Clear white surfaces and the simplicity and perpendicularity of the forms she employs are typical, and the interplay of form and space is a key element in her work, as is the use of negative space. She also teaches at a university in Korea. “The last time I came to India was four years back, to Delhi. This is my first experience of Chennai, and I love it here,” she adds.

Meanwhile, Jae Joon Lee is getting ready a human figure that is all set to be a towering 10 feet tall structure. “This clay is strong and flexible, dries fast because of the atmospheric conditions here, and so working with it is quicker,” he mentions, and adds, “This work expresses the harmony of human nature and will have animal figures included in its structure.” Lee favours huge open air sculptures, to which he sometimes adds dabs of paint. “This is my second time here. India is calling me, I guess,” he finishes.

Kyoung Youn Kang is another Korean artist who is fascinated by the Virudachalam clay. “The clay here is richer, and feels good,” she says. Kang’s female forms are dreamy, observant, exquisite and ethereally structured, recalling to the mind mythical structures of great wisdom, like mermaids and sphinxes. 

Divergences and confluences

Korean pottery is credited with introducing techniques like the use of the underglaze red under the green. While Korean ceramic traditions have been flagrantly ethereal, Indian ceramic ware has always had its primal leanings on the functional, though of course, from Indus Valley urns to Khurja pottery, Indian ceramic craft has carried a rich legacy. And then, Indian ceramic tradition has been predominantly hand-made or wheel-thrown, rather than molded and cast. The glazing material happens to be different too.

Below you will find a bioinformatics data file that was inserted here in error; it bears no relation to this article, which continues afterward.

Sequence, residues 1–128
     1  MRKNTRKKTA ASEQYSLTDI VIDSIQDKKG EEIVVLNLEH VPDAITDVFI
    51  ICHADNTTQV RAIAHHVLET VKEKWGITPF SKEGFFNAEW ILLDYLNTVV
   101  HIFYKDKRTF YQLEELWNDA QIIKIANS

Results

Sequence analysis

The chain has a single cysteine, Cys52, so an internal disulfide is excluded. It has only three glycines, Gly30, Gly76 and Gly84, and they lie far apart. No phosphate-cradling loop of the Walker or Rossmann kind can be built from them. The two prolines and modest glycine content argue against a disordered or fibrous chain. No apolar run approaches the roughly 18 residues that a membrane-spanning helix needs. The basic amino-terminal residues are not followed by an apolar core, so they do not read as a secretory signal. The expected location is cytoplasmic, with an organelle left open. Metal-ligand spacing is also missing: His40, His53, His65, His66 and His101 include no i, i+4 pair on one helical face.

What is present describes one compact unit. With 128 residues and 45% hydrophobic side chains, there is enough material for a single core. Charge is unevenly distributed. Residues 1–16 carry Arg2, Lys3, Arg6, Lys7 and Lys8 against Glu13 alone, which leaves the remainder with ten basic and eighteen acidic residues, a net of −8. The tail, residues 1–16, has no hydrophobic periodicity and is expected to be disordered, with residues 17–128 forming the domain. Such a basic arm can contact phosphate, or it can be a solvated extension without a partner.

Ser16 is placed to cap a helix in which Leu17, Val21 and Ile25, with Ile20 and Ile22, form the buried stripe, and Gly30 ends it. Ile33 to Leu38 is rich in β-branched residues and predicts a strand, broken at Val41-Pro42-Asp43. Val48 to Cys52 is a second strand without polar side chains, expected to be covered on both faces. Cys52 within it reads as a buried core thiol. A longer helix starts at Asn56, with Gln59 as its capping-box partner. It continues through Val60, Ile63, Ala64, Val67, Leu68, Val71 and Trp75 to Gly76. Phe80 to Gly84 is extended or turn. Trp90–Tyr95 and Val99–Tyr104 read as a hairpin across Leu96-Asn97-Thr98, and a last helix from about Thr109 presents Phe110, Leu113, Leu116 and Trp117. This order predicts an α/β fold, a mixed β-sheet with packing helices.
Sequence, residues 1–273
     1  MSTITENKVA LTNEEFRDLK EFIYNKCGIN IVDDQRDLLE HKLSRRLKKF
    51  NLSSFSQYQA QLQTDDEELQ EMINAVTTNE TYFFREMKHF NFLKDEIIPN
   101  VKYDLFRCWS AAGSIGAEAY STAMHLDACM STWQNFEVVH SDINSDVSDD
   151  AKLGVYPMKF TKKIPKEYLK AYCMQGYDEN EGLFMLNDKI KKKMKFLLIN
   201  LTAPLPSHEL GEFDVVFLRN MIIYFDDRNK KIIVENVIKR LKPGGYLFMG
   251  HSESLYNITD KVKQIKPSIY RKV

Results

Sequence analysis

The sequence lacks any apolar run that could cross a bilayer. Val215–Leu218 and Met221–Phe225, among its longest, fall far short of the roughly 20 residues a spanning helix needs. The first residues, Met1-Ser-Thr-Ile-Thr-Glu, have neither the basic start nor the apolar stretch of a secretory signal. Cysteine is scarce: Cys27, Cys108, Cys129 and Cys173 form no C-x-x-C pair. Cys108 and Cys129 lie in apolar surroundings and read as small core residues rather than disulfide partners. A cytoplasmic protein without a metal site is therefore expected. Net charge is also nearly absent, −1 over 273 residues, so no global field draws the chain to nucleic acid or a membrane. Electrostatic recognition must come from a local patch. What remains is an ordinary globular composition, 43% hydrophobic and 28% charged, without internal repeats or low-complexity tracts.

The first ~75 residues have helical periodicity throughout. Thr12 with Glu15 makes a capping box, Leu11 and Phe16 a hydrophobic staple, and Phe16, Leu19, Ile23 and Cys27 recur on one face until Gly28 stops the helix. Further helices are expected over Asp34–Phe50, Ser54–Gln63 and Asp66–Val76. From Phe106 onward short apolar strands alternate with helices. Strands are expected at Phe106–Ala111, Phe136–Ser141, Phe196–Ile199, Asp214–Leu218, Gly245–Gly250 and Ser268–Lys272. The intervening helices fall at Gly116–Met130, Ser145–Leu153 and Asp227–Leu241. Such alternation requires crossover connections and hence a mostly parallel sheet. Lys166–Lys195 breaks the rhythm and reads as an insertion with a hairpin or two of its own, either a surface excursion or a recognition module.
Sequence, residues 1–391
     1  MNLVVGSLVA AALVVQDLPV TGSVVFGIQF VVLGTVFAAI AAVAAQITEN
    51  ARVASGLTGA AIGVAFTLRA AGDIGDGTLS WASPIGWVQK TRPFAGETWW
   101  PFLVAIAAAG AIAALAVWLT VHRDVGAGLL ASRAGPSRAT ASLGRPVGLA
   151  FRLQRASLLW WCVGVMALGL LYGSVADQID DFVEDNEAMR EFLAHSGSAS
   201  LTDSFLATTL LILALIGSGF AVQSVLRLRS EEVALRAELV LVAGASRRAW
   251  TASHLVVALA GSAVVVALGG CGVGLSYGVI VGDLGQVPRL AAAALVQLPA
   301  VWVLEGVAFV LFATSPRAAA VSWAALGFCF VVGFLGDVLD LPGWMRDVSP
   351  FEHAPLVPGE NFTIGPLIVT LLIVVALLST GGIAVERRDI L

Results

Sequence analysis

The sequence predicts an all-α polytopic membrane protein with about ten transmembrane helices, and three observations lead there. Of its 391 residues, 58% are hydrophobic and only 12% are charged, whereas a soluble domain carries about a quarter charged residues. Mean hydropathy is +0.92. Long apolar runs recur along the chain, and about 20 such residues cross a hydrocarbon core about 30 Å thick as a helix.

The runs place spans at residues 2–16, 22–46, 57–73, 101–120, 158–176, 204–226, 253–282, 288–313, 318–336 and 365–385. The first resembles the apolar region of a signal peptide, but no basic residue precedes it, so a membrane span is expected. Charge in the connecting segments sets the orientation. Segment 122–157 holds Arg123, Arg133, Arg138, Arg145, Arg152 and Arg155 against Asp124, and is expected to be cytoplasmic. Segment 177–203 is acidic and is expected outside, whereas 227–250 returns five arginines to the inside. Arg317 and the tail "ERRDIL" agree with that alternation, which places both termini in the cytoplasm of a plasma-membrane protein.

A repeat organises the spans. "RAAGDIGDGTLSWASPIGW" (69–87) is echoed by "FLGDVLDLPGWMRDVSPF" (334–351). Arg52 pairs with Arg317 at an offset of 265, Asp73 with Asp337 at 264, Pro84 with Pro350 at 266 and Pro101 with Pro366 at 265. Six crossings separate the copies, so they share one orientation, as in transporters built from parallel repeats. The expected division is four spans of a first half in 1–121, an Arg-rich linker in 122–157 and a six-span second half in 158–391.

There are the aesthetic divergences, of course. Indian ceramics have an accent on using elaborate motifs. “Koreans like their forms bare and simple,” Mumbai-based participant Rashi Jain explains. She adds, “I think Koreans work in a different rhythm. It is both methodical and sensitive, and they do it slowly too.” Koreans treat the surface of clay very differently too. Pointing out to Jae Joon Lee’s work, Rashi elaborates, “Look at the surface; it has so much textural variation to it.”

Lee’s human figure assumes complexity by the various layers of design on its surface, rather than by added motifs. “In Indian ceramic traditions, large scale work is rare,” adds Guken Raj, who is in charge of the ceramics department at the Kalakshetra Foundation, where the residency is in progress. The only exceptions to this are perhaps the Aiyanar horses, or the huge functional urns that have been thrown up in archaeological excavations. 

So, besides interactions, it was perhaps inevitable that this workshop sparked off some cross-cultural influences. For instance, Kyu Ri has adopted the Indian peacock motif, both in its engraved format and as figurine attachments, which she is adding on to the incense holders she is fashioning, besides handles and legs, typical of the Indian way.

Meanwhile, Rashi has used the form of exquisitely curvaceous Korean ceramic vessels, attaching to it the Drishti motif, which is commonly used in the South for warding off the evil eye. The residency has many fun parts too. For instance, after sculpting out forms, all the artists took off for a five-day visit to the temples of Thanjavur, while the clay dried to be fired later. Well, working with clay demands time, but gives it too.